Whenever the weather gets very hot or very cold, Acas publicises or updates its guidance for businesses and other organisations. A recent mailing draws attention to its "top tips to help keep workplaces cool for employees during a heatwave", issued in August 2016. Obviously the tips apply to volunteers and other non-employees as well, and include:
- Organisations should always provide workers with access to drinking water. Workers should be responsible and drink plenty of water to avoid becoming dehydrated.
- Organisations should pay special attention to vulnerable workers. The elderly and pregnant women are particularly at risk of suffering in the heat.
- Where possible staff can use air conditioning, blinds, protective clothing and sunscreen during hot weather.
- Organisations may choose to adopt a more casual or flexible approach to dress during hot weather days, but this may depend on the type of work.
- For outdoor working, organisations should consider the introduction of more frequent, short rest breaks, encouraging staff to have cold drinks during hot weather.
Resources (all very short)
"Top tips to help keep workplaces cool for employees during a heatwave", Acas:
"Working temperature" guidance, Acas:
"Hot weather", Acas:
"Temperature at work – Heat", Trades Union Congress:
"Keeping staff motivated and at work during hot weather", HR News, 26 May 2017:
WORLD CUP FEVER (and other big events)
Whenever there is a big sporting event, royal wedding or other event that is likely to distract some staff, Acas provides guidance for organisations concerned about productivity if a significant proportion of staff want to book time off, use work time to watch or keep up events, or suddenly "become ill".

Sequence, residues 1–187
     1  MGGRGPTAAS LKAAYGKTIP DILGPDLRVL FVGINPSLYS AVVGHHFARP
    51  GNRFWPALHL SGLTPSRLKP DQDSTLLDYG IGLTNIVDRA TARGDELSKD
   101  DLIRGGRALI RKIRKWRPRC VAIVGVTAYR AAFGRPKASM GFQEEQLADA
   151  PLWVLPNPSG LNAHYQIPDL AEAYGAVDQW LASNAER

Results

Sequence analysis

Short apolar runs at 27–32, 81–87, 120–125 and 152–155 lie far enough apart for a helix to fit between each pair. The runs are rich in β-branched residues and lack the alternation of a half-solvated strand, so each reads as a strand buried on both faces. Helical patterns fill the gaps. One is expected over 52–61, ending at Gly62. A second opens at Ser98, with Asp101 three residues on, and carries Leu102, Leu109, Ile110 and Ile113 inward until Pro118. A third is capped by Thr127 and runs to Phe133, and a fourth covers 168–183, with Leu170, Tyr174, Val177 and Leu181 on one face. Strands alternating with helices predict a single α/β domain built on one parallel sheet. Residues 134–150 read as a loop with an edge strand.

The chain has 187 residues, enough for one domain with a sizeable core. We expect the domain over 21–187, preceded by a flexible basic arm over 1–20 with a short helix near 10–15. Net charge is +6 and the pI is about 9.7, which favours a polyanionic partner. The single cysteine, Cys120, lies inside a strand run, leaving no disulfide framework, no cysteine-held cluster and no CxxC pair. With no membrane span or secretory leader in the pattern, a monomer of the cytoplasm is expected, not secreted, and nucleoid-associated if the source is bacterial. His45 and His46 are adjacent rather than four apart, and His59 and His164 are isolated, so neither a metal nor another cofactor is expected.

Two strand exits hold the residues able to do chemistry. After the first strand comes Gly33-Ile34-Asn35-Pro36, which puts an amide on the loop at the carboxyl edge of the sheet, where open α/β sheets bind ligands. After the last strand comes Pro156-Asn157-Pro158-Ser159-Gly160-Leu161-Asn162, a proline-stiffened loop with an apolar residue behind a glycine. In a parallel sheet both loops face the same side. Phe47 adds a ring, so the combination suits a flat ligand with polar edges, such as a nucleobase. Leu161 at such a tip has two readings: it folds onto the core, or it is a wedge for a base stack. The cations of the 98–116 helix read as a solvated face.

Its two-page World Cup 2018 guidance covers planning ahead, taking a flexible approach, time off, sickness absence, websites and social networking, and drinking or being under the influence at work.
Managing Volunteers during major events
Although the Acas guidance is intended for managing employees, the general principles (planning ahead, being fair etc) apply in much same way for managing volunteers.
However, because volunteer arrangements or agreements should generally be based on expectations rather than binding obligations, volunteer-using organisations are unlikely to have the same right to impose restrictions or disciplinary penalties on volunteers who want to take time off or do not turn up for work. Or if an organisation does impose such restrictions or penalties, it creates a risk – albeit tiny – that a disgruntled volunteer could successfully claim a contract has been created and they are legally a "worker" or employee, and therefore entitled to worker rights (national minimum/living wage, working time rights, equality rights) or even the full range of employment rights.
For more about how to avoid or reduce such risk, see chapter 1 (pp.6-17) in Mark Restall's Volunteers and the Law. Although published in 2005 by the sadly gone Volunteering England, the law on volunteers and employment rights has not changed, and is the same throughout the UK.Free download from Advocates for International Development:
source sandyadirondack 1817 16.05.18